When you combine email, chat, reporting, and lead tracking, it's easier to get the full picture. Data from touchpoints like meetings and calls help you recall past interactions and build relationships with a bevy of information at your disposal.
If you can see sales notes linked to deals in progress and know who customers talked to in the past, you can anticipate issues with customer interactions and avoid re-explaining things. No more scrambling for documents ahead of a call or trying to recall the notes from your last call (because you lost them again).
Again, a CRM offers some relief. That ability to shave a few minutes off a handful of tasks each day gives you more time to make meaningful connections using CRM for startups.
Be a CRM pro.
To learn more about how tech companies can use CRMs, grab this free CRM Best Practices Guide.
4. Detailed, real-time customer records
Startups benefit from the relationship-building aspect of a CRM tool and CRM software immensely. Syncing with your emails, accounting tools, and calendar, keeping records updated, in real-time; CRMs ease the burden on startup pros juggling multiple roles.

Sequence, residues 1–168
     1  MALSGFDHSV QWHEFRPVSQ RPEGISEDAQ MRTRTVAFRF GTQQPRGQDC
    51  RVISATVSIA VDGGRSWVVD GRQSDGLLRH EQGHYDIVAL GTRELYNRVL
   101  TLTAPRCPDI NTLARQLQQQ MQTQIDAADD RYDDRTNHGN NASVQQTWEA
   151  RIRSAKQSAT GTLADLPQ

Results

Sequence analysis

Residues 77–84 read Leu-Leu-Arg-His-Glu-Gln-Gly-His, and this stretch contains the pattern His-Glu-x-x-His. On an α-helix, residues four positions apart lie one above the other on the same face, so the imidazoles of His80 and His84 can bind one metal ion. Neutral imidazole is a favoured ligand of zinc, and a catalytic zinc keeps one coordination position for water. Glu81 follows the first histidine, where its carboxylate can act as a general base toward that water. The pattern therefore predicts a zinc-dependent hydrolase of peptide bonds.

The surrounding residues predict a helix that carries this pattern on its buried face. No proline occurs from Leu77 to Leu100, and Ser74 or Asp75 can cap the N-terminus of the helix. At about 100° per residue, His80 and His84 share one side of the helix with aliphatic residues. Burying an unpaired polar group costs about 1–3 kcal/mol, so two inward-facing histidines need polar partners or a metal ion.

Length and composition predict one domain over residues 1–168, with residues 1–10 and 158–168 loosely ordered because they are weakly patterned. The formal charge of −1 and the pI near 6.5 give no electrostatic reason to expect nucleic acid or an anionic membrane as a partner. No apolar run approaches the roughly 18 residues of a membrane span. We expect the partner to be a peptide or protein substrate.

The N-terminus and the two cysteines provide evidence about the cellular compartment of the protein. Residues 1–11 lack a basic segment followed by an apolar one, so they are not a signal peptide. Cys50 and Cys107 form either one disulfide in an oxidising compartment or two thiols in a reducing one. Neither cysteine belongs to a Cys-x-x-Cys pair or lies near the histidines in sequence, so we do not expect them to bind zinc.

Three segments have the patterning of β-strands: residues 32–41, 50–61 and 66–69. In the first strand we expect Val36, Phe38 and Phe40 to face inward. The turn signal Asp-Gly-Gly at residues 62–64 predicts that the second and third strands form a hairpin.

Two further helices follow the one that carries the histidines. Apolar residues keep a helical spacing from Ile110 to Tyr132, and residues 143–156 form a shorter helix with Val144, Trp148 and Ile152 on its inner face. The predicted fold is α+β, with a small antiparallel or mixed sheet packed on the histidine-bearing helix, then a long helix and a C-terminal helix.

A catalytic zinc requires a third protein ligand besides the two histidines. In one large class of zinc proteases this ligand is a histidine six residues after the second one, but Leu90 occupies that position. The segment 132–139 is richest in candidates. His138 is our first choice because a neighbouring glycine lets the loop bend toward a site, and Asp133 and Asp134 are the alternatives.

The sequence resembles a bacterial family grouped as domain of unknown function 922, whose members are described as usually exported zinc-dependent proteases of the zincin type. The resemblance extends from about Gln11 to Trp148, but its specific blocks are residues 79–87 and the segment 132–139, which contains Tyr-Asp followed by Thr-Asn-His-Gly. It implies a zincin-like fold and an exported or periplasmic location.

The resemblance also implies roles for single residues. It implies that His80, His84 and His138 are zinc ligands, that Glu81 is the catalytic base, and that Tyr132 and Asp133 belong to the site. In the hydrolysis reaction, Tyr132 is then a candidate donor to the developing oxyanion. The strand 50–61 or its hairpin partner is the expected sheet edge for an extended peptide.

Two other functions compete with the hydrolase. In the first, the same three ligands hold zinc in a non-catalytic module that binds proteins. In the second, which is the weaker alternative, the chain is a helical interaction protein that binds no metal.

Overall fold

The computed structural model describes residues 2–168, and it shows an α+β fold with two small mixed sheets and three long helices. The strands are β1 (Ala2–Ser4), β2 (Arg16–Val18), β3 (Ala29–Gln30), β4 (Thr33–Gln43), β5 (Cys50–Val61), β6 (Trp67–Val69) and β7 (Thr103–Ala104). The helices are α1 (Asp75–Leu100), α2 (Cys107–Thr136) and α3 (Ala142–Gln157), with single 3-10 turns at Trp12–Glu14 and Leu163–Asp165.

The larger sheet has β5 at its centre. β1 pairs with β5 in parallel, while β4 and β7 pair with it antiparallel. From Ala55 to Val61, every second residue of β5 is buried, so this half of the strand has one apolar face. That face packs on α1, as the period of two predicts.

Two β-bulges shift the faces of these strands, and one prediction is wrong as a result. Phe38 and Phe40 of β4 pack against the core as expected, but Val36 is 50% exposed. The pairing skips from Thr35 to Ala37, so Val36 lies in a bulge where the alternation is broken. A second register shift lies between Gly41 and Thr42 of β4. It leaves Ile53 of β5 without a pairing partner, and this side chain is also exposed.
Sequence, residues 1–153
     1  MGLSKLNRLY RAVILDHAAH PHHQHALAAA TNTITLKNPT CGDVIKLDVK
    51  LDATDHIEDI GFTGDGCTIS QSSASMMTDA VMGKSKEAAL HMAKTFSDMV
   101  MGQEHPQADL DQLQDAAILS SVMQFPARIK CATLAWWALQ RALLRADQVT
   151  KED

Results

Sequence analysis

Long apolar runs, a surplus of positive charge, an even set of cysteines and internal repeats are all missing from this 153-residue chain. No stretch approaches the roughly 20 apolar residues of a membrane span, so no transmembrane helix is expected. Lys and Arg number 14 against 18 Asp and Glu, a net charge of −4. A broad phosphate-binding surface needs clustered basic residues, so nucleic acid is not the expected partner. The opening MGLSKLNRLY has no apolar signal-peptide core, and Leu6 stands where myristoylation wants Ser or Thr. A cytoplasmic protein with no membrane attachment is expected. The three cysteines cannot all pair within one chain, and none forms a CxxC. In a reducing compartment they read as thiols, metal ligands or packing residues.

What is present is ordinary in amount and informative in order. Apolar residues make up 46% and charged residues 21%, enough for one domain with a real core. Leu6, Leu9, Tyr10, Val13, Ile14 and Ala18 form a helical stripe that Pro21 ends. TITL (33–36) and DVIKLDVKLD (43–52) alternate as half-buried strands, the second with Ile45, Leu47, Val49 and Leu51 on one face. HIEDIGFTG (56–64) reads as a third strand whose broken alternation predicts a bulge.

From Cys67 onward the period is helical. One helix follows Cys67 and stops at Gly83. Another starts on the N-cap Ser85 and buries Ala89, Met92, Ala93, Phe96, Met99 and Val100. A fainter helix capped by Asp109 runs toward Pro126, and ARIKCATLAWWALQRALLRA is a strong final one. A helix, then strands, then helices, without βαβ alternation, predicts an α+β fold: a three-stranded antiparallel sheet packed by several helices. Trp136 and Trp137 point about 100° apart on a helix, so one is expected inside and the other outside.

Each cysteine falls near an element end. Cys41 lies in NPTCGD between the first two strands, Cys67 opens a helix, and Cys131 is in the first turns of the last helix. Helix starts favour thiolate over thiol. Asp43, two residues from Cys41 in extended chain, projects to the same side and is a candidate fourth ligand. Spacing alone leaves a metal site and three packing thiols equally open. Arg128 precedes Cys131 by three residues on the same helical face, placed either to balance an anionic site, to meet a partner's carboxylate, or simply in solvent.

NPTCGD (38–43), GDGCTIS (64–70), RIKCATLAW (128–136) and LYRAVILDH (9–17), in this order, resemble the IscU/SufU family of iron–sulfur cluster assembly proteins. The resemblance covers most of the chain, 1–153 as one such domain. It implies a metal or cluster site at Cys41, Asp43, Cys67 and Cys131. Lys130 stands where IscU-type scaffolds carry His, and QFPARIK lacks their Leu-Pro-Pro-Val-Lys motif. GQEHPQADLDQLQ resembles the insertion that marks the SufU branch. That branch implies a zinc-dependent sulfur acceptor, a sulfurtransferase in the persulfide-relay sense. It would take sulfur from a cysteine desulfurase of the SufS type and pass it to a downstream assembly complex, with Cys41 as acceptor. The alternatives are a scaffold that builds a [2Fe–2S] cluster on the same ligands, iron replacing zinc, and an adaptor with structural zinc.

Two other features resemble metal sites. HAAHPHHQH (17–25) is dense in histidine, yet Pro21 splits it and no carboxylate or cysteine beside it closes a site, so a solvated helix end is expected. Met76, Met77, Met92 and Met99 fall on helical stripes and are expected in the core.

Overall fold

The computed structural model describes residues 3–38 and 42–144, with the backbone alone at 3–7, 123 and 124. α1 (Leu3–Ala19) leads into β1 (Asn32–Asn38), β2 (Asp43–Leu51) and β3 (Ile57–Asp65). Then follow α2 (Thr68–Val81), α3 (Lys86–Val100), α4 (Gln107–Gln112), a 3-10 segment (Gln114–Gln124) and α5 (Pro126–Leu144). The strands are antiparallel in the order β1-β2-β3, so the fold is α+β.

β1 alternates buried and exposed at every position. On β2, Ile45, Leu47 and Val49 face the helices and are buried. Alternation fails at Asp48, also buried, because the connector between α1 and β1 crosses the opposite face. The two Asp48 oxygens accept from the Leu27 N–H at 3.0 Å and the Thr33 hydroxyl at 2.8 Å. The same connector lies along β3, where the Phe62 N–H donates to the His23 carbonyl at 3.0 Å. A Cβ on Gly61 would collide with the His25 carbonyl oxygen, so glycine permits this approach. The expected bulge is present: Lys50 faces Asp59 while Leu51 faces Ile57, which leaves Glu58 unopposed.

Detailed records can both inform your marketing plan and build a winning sales strategy to earn customer loyalty.
A company’s aim is typically to create something that adds value to customers’ lives. And the only way to ensure you’re adding value and coming up with a CRM solution is to understand what resonates with your audience.
But, you’ll need to keep your leads, events, and more organized and accessible. That’s where a CRM comes in, allowing you to add notes from sales calls and client interviews to a central hub with purchase histories, appointments, and company details—a rich dataset with considerable opportunities.